# if

Rust’s take on `if` is not particularly complex, but it’s much more like the `if` you’ll find in a dynamically typed language than in a more traditional systems language. So let’s talk about it, to make sure you grasp the nuances.

`if` is a specific form of a more general concept, the ‘branch’, whose name comes from a branch in a tree: a decision point, where depending on a choice, multiple paths can be taken.

In the case of `if`, there is one choice that leads down two paths:

```let x = 5;

if x == 5 {
println!("x is five!");
}Run```

If we changed the value of `x` to something else, this line would not print. More specifically, if the expression after the `if` evaluates to `true`, then the block is executed. If it’s `false`, then it is not.

If you want something to happen in the `false` case, use an `else`:

```let x = 5;

if x == 5 {
println!("x is five!");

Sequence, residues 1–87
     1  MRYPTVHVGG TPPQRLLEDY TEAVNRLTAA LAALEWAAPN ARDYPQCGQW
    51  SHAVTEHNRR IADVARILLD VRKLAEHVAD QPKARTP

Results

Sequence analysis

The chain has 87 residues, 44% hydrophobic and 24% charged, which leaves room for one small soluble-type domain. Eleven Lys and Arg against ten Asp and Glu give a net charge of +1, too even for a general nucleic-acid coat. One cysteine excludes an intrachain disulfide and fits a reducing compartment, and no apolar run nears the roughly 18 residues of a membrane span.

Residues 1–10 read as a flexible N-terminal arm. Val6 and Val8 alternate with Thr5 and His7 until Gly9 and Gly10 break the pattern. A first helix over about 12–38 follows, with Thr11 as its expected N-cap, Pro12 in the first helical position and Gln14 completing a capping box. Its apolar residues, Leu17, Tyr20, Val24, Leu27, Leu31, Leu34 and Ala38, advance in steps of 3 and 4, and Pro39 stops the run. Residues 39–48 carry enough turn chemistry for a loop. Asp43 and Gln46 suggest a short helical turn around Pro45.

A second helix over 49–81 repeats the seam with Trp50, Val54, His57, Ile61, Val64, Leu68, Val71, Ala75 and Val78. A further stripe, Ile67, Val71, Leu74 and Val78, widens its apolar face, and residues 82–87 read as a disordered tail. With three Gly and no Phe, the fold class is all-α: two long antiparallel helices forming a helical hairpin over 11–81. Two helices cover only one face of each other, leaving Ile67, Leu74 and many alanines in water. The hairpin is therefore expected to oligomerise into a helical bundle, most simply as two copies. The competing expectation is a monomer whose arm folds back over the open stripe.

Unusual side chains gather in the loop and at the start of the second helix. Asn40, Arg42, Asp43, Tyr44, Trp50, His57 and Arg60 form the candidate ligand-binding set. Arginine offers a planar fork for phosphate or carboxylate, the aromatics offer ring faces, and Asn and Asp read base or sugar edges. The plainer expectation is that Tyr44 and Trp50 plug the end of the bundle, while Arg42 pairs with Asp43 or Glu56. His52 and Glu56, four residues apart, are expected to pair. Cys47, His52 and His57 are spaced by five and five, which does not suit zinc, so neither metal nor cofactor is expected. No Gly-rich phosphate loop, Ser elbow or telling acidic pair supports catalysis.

} else {
println!("x is not five :(");
}Run```

If there is more than one case, use an `else if`:

```let x = 5;

if x == 5 {
println!("x is five!");
} else if x == 6 {
println!("x is six!");
} else {
println!("x is not five or six :(");
}Run```

This is all pretty standard. However, you can also do this:

```let x = 5;

let y = if x == 5 {
10
} else {
15
}; // y: i32Run```

Which we can (and probably should) write like this:

```let x = 5;

let y = if x == 5 { 10 } else { 15 }; // y: i32Run```

This works because `if` is an expression. The value of the expression is the value of the last expression in whichever branch was chosen. An `if` without an `else` always results in `()` as the value.